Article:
Friday, September 10, 2010

Low-carb diets: What happens in 20 years?

Are you on a low-carb diet or know someone who is? I've dabbled with this myself and hear friends and patients talking about it all the time.

But I've always wondered: can this really be good for our bodies? We lose weight in the short-term, but what about 20+ years down the road?

A recent study in the latest Annals of Internal Medicine starts to answer these questions. They find that where your proteins/fats come from (i.e. animals versus plants) matters very much for long-term health. 

They compared low-carb diets made up of animal sources versus low-carb diets made up of vegetable sources (in over 100,000 people for over 20 years), and found an important difference in mortality rates.

Low-carb diets high in animal-protein diets were associated with higher mortality (both cardiovascular and cancer mortality), while low-carb diets high in vegetable protein diets were associated with lower mortality overall (especially cardiovascular mortality rates). The authors’ conclusion:
“A low-carbohydrate diet based on animal sources was associated with higher all-cause mortality in both men and women, whereas a vegetable-based low-carbohydrate diet was associated with lower all-cause and cardiovascular disease mortality rates.”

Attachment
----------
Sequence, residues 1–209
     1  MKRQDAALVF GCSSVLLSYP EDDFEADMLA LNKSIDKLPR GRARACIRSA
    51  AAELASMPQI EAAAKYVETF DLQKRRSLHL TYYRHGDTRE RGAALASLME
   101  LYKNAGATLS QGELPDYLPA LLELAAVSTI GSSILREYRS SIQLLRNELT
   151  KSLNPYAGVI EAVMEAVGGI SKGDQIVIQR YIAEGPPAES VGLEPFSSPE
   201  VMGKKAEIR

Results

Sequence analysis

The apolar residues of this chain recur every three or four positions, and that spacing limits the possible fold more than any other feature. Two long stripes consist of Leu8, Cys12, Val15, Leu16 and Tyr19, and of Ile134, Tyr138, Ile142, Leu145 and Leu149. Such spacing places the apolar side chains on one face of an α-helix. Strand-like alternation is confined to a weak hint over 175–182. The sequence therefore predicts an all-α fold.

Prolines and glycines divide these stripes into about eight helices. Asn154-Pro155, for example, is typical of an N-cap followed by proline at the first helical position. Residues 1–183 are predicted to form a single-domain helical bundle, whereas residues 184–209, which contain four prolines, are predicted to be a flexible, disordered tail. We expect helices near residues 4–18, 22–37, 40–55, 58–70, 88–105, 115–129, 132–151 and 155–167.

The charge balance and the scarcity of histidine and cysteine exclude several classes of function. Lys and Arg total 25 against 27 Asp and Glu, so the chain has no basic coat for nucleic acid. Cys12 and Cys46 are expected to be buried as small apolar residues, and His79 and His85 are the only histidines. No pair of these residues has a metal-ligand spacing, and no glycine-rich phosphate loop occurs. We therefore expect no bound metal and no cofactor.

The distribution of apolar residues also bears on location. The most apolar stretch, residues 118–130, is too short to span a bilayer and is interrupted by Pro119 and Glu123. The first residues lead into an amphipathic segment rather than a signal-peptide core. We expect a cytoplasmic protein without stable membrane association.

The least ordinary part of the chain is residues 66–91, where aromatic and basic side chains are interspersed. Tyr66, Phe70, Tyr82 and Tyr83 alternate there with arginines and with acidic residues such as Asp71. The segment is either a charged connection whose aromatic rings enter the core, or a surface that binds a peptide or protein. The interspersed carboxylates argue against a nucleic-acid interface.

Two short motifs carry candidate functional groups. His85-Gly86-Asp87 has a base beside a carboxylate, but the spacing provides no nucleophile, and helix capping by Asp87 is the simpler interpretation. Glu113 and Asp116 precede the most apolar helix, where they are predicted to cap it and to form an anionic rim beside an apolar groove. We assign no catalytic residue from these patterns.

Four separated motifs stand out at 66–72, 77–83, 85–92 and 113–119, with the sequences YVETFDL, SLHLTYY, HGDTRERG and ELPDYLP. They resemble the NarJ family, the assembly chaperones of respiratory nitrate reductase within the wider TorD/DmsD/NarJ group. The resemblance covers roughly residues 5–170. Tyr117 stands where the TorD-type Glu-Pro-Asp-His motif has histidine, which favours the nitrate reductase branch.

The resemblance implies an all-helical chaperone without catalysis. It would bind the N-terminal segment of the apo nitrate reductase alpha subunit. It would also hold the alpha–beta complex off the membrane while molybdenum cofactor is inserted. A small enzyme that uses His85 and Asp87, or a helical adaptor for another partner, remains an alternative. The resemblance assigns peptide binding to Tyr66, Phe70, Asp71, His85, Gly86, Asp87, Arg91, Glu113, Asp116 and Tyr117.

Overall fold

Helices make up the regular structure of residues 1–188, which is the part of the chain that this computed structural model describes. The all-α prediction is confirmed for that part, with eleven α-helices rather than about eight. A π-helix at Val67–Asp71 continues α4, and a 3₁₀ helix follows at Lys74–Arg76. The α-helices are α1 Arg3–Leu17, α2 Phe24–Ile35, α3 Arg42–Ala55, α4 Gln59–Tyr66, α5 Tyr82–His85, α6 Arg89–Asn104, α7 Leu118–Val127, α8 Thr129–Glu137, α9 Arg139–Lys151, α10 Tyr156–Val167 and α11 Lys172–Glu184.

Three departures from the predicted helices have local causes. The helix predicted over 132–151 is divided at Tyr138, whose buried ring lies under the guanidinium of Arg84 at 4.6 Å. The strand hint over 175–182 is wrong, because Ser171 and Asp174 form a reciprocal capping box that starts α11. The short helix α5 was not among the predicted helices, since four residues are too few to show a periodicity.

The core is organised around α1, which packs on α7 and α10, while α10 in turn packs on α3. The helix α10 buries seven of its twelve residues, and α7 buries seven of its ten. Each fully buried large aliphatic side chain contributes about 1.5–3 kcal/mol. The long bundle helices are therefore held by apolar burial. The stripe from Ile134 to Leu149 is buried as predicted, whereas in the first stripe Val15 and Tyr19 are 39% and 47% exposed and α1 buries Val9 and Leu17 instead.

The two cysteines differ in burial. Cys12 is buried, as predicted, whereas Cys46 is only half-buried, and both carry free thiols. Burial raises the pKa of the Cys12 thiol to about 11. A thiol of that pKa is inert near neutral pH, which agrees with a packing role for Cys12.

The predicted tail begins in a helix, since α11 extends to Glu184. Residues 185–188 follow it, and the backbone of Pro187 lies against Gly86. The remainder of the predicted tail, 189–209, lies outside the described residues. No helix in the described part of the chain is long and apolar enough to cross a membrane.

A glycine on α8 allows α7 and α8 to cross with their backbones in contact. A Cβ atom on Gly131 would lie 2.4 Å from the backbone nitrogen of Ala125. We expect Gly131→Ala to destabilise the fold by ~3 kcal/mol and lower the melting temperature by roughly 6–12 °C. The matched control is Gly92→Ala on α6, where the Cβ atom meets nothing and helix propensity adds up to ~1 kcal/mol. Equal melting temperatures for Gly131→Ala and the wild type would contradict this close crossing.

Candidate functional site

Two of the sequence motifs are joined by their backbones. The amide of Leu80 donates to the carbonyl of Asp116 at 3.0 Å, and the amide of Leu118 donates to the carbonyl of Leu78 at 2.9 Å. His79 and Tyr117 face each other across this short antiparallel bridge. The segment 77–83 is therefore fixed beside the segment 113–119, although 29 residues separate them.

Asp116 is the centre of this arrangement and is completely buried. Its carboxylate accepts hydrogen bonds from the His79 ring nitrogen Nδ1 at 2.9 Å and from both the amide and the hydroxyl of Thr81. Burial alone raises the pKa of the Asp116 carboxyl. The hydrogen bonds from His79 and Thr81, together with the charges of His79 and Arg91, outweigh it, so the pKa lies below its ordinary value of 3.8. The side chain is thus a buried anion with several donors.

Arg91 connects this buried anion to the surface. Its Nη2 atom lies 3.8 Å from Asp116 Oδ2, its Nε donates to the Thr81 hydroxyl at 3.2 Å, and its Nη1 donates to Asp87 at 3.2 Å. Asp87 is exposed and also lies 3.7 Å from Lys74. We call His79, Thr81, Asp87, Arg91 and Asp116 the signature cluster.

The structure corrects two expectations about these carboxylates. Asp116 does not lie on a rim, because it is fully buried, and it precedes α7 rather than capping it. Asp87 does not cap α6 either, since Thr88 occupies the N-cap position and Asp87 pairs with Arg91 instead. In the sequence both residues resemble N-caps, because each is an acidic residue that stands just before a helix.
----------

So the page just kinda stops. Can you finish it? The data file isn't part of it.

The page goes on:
Low-carb diets can be helpful or harmful. What really matters is everything else you are putting into your body. It seems best to stick to simple and intuitive food rules. Here are my 5 for the day: 
  1. Avoid refined sugars (but do not avoid nutritious whole grains!)
  2. Minimize animal products
  3. Build meals around fresh colorful vegetables (the more color the better)
  4. Avoid overeating
  5. Chew thoroughly (this helps with #4)

1 comment:

  1. Dear Christina
    This article was discussed in the nutrition lists I belong to. Technically, an all vegetable diet is not carb-free. If one is vegetarian, one still has to make healthy vegetarian choices or end up eating worse than a sensible meat eater. Hence one should chose lower GI fruits and vegetables, eat grains in moderation, and avoid refined sugars.